Next morning, we managed to gather all members of the party in time and we departed much earlier and arrived at the camp an hour later after driving the 47 km non-stop but swallowing lots of dust from a great number of relief lorries. I was happy to see that, although opaque, that the “back plywood window” held most of the dust out. More importantly, our soldier escort was not needed…
The camp was much larger than I had imagined and looked like a town with lots of people moving about. Although there were rows of tents, I noticed that there were also buildings that seemed to have been there for a long time. We drove to one of those to meet the Camp Director and discuss our work. Meanwhile, the soldiers parted company to get back to Gambela on another escort job.
The Director was pleased to receive us, and he listened to our brief attentively. He had clearly been informed of our arrival, and we were soon taken to a makeshift enclosure full of cattle. Clearly, it was going to be quite a job to bleed animals with no crush pen, but we would not let the opportunity pass. The cattle pen was rather chaotic. In a cloud of dust, apart from the rather tame cattle, there were the usual retinue of herders and other people attracted by the animals and their mooing.
We decided that before the work could start, we needed a meeting with the owners to explain the purpose of what we were doing and also for them to leave their AK47s under a tree so that they could work more freely with the animals. In fact, their guns were almost an extension of their bodies so leaving them aside was mainly for our own safety! They agreed and we soon had gun stacks all over the place! I was somehow surprised to see that almost all of the cattle owners had guns but did not think much about it and focused on the work.
We worked hard as the animals needed to be roped and held by the owners while we recorded their origin, took blood samples, numbered them and collected any ticks we saw on their ears. The work progressed well as there were many willing cattle owners. At some stage I noted that my leg was bleeding again but I decided to ignore it and continue with the work.
At some stage I felt my shirt being pulled from behind. When I turned around, I found myself looking up to a young, leggy and half-naked Dinka boy grey with dust that was pointing at my leg. I looked at it and I saw dry blood that has gone down from my wound to the sock and shoe and, I must admit, looked quite dramatic. I looked again at the boy and shrug my shoulders, but he extended his hand and then I saw that he was pointing at my leg and offering me a plaster to cover my wound! I looked at him and he was smiling at me.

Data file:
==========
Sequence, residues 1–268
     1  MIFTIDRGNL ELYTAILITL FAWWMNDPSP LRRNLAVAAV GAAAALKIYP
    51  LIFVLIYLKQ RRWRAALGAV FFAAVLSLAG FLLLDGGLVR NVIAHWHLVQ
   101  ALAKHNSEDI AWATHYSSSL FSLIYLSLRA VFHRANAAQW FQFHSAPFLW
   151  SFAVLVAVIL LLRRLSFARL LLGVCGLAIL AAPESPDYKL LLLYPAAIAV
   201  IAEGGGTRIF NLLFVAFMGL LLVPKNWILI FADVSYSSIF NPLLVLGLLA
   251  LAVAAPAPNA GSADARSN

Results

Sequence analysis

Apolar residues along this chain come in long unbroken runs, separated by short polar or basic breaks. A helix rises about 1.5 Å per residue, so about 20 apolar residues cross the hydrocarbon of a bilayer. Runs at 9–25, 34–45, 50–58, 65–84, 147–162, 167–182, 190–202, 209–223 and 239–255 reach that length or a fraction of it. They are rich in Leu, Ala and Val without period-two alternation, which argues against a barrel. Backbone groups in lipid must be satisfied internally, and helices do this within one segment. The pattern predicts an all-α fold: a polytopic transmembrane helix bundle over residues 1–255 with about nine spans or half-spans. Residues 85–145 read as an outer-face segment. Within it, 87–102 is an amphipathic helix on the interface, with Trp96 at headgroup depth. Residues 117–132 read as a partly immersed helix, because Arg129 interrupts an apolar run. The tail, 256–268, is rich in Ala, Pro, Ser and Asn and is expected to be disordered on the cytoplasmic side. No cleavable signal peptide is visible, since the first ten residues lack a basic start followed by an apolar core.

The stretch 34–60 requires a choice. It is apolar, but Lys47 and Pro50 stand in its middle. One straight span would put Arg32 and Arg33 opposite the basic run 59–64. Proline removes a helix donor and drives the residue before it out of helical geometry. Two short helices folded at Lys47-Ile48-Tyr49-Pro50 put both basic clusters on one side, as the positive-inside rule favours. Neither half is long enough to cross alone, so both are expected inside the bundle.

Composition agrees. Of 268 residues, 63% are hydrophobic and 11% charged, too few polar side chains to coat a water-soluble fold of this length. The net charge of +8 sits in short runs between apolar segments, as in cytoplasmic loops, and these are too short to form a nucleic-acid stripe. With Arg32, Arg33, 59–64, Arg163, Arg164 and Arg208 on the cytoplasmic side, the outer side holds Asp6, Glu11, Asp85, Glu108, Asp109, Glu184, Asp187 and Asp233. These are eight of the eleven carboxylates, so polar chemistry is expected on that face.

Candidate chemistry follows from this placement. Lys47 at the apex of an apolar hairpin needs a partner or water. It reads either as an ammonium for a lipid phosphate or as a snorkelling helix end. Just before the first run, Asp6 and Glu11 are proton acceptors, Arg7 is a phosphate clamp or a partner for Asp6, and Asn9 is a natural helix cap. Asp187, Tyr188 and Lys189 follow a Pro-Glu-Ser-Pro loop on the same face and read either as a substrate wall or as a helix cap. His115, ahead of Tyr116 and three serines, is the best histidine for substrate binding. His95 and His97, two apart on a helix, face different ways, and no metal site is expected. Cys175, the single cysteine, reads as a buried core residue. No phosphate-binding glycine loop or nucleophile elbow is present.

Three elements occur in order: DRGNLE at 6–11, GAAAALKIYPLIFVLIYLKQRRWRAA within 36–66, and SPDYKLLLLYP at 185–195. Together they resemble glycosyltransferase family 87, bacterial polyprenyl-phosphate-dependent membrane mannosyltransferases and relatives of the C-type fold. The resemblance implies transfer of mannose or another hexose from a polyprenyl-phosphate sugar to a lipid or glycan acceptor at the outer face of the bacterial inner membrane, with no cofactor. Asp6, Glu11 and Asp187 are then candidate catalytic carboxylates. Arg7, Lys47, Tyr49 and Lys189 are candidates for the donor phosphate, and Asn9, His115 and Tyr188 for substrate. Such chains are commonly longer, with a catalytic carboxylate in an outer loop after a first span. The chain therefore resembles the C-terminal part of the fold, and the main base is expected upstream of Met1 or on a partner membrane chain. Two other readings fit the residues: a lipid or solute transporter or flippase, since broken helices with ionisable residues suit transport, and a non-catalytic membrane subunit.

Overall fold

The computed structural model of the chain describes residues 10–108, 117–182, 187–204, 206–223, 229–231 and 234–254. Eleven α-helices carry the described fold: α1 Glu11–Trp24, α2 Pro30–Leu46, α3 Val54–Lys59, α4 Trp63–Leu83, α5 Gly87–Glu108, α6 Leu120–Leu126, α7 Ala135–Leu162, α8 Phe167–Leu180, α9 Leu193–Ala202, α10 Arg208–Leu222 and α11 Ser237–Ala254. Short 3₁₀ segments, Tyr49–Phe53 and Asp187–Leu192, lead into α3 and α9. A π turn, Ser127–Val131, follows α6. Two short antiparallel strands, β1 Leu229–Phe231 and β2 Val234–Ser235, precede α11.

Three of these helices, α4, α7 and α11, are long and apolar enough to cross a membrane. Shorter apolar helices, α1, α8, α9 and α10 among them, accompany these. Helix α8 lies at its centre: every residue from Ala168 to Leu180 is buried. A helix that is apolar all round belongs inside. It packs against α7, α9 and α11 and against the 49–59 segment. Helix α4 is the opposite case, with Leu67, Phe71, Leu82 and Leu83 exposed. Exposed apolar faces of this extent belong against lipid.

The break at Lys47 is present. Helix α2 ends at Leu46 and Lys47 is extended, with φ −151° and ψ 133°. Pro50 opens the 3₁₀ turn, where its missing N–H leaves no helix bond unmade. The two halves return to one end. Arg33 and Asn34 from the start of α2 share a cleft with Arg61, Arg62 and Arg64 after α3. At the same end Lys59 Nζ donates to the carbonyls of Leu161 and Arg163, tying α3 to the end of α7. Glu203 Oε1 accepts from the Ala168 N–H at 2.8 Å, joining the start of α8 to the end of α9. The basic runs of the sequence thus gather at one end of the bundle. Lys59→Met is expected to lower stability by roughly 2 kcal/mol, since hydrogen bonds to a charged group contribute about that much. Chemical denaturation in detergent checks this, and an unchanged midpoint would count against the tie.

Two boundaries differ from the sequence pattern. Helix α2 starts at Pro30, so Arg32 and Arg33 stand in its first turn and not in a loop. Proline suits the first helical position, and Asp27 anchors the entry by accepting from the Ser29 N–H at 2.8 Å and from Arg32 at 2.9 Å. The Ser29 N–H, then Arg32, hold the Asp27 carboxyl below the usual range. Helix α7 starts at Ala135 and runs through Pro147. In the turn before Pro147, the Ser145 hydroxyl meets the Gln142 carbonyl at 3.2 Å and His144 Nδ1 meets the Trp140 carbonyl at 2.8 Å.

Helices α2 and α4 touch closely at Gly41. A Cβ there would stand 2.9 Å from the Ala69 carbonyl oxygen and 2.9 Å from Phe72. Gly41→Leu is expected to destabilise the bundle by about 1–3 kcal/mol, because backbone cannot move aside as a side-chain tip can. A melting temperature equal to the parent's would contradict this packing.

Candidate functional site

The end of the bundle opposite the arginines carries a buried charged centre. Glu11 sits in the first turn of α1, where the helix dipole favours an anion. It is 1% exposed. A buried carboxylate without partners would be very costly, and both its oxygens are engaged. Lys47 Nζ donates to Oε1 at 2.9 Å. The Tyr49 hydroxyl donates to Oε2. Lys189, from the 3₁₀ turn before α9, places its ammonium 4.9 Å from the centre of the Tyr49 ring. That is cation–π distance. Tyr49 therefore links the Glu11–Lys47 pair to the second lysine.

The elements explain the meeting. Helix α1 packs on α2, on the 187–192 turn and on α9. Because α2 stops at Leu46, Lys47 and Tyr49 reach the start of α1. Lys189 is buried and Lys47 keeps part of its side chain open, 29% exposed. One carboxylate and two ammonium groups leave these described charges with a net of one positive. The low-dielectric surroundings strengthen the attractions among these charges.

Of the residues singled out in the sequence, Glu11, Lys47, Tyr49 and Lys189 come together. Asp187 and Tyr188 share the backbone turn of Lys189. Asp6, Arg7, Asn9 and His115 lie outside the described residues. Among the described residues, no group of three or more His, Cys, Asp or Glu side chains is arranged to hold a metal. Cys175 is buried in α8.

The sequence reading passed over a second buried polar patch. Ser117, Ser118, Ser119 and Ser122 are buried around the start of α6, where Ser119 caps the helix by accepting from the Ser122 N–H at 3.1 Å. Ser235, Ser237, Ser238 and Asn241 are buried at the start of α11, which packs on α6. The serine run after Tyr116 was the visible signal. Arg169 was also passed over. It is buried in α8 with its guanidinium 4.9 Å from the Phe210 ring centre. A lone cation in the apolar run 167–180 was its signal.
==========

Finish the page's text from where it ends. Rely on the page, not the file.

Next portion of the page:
I stopped the work and walked with the boy to a water tap where I washed my leg and applied the plaster while the tall boy, only wearing a pair of green shorts, watched me attentively. Once I applied the plaster, he made a thumb up sign and departed. Maybe I am making too much of this gesture, but it became one of the most memorable moments of my vet career!
By early afternoon we had examined well over one hundred animals and we called it “a day” as we were planning to return for more in a few weeks. We packed and went to thank the Camp Director and to get our army escort. While driving towards the Director’s office we stopped for a drink and a bite in the more established area of Itang. Then, I saw a small group of truly beautiful cattle walking past and I took a couple of pictures of them.
Unfortunately, my picture-taking was a bad move! Instantly, four armed men in green uniform surrounded the car and asked for my camera that I handed over to one of them. He knew how to open it to remove the film ignoring my protests! My Ethiopian companions, including the Gambela political delegate, looked as confused as I and they kept quiet. I imitated them expecting that my camera would be returned, and this would end the incident.